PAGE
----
I buy every Inspector Silvio Montalbano mystery as soon as they come out in the US even if it takes me awhile to review them.
The Wings of the Sphinx is the 11th mystery by Andrea Camilleri featuring the Sicilian Inspector. In The Wings of the Sphinx, Montalbano must solve a rather grisly murder while still having relationship issues with his longtime, long distance love, Livia.
At 56 years old Montalbano is feeling his age. Much in this novel is familiar to readers of Camilleri’s past books: Montalbano is still savoring meals at Enzo’s as well as those fixed by his housekeeper, his conversations with desk sergeant Catarella are as confusing as ever and of course Montalbano still lives in the fictional town of Vigata where he is still enjoying long walks on the jetty.
Camilleri continues to take undisguised swipes at Silvio Berlusconi. Though I would be inclined to miss many of the subtleties the author thoughtfully includes notes at the back of the book to help his non-Italian readers.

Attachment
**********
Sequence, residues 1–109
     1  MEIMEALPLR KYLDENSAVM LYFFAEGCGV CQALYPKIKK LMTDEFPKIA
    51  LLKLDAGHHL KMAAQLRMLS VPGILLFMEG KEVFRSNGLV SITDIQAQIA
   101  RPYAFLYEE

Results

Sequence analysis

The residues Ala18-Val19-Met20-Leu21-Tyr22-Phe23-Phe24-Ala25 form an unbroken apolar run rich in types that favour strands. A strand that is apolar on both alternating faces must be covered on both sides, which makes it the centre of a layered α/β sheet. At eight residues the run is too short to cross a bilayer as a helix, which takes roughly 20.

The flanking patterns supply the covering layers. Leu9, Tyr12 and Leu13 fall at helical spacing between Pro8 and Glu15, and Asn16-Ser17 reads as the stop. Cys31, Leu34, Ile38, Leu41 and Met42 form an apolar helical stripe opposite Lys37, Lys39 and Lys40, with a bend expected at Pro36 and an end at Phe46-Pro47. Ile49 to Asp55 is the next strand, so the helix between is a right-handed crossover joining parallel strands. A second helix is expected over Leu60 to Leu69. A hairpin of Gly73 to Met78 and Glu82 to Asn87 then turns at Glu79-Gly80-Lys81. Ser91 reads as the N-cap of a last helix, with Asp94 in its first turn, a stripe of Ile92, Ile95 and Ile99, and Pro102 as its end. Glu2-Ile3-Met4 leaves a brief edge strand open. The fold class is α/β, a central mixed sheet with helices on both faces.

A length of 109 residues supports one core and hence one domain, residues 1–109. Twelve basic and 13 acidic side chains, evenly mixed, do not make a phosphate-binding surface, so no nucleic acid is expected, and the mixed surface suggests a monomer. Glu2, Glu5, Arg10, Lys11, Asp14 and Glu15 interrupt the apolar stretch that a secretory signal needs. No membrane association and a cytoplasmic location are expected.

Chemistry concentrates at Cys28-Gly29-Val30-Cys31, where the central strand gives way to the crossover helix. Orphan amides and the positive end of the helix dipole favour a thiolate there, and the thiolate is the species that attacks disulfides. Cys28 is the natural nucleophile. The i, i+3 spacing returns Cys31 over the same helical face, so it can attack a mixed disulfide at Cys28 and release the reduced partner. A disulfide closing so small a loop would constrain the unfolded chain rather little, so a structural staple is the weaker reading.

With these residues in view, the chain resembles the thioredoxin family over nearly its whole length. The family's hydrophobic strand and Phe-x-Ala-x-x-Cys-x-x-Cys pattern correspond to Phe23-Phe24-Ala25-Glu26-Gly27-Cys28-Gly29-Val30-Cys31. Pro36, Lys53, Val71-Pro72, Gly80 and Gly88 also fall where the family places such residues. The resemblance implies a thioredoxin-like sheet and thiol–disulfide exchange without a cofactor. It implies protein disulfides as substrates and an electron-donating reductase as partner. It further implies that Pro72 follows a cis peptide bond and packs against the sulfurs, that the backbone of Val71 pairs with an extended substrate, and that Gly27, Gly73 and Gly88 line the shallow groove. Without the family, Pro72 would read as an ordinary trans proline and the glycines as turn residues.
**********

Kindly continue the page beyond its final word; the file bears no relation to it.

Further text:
The mystery in The Wings of the Sphinx revolves around the discovery of the body of a young woman who has been shot in the face and left naked in the city dump.
Montalbano leaves the scene of the crime as quickly as he gets there unable to deal with the death of yet another young victim. The book tackles the media’s obsession with subjecting us daily to stories of death and violence.
The Inspector Montalbano books have been turned into a television series in Italy. Previously they were available only in a format that was not compatible with US DVD’s. Now they are available in a US compatible format. I just ordered a set and hope to be able to watch them and review them soon.
From Publishers Weekly
Starred Review. Bestseller Camilleri’s sublime and darkly humorous 11th whodunit featuring Chief Insp. Salvo Montalbano (after 2009’s August Heat) finds the 56-year-old Sicilian policeman in the midst of a serious crisis with his significant other, Livia. Montalbano is uncertain what he can and should do to repair the rift that has developed between them.
Meanwhile, the inspector must tackle a difficult case—the gunshot murder of an attractive young woman whose nude body was left in a dump. As Montalbano and his team first attempt to identify the victim based on a butterfly tattoo on her left shoulder, they learn of a possible link to an influential Catholic charity. Soon they start to feel political pressure to steer the inquiry in a different direction. Camilleri balances his hero’s personal and professional challenges perfectly and leaves the reader eager for more.